On the site you will find information on band members Andy Bell, Chris Sharrock, Gem Archer and Liam Gallagher.

The Site will contain DVD & CD Bootleg Artwork, Wallpapers, Latest News, Gigography, Discography, Photos, Videos and more.

I will continue working and editing it over the coming weeks, and I will be adding new material to it as and when I come across it.

Liam Gallagher: Success Is Painful











Liam Gallagher says he and his bandmates are “scathed” every day.

The rock star has enjoyed a successful career, often grabbing headlines for his no-nonsense behaviour as a member of Britpop band Oasis.

Now he is looking to carry on this attitude with his latest venture – Beady Eye – which was formed after he fell out with former colleague and his brother Noel.

Liam loves how, even though he is still going strong, his fellow musicians go through pain for the cause all the time.

“We’re scathed every f**kin’ day and we wouldn’t have it any other way,” the 38-year-old told Q magazine. “Our new keyboard player’s broke his foot already. Dropped a bowling ball.”

But Liam feels as though some of his peers are not being rock and roll enough. He says that he saw British indie band Coldplay and couldn’t believe there was no friction between them, which he thinks is a healthy part of any group. It happened while Beady Eye guitarist Andy Bell was wearing an unusual piece of attire. “I bumped into a couple of the Coldplay lot in the pub,” Liam explained. “Jonny [Buckland, Coldplay guitarist] said, ‘We’re just really happy.’ What, not one of you p**sin’ each other off? Nothing happened? People have got to have something to talk about, haven’t they?”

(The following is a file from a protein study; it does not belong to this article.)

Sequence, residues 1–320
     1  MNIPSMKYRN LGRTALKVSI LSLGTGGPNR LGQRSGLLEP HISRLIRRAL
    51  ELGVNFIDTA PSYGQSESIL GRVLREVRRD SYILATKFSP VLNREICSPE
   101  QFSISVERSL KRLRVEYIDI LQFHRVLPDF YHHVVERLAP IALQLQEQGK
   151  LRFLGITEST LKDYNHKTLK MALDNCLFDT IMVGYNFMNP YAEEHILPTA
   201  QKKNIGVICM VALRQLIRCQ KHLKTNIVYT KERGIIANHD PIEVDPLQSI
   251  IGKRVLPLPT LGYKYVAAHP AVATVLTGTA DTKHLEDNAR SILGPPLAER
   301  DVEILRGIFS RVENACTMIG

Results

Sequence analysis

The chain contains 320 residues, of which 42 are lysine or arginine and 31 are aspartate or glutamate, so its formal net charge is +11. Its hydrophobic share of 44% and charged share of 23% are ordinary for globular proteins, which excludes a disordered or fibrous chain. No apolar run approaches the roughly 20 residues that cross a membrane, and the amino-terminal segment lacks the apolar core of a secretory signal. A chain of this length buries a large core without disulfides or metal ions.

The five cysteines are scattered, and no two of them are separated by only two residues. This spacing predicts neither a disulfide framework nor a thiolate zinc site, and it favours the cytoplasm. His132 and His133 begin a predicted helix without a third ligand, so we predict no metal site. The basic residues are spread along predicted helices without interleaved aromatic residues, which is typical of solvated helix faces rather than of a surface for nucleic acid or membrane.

Beady Eye will release their album Different Gear, Sill Speeding in the UK on February 28. Liam claims that if people don’t expect much of the record it can only be because he is too much of an icon.

“Well, that’s pretty sh*t,” he said when asked how he’ll react if the public doesn’t like his latest project. “If people have low expectations of us it because you’ve been f**kin’ blinded by what you idolise man, that’s what you’ve been. That’s what’s happened.”

Source: www.musicrooms.net

Liam Gallagher: ’People Will Be Calling Their Kids Beady Eye’



















Liam Gallagher and his Beady Eye are raring to go. So much so he tells the new issue of Q Magazine (out today) that “People will be calling their kids Beady Eye by the end of the year”.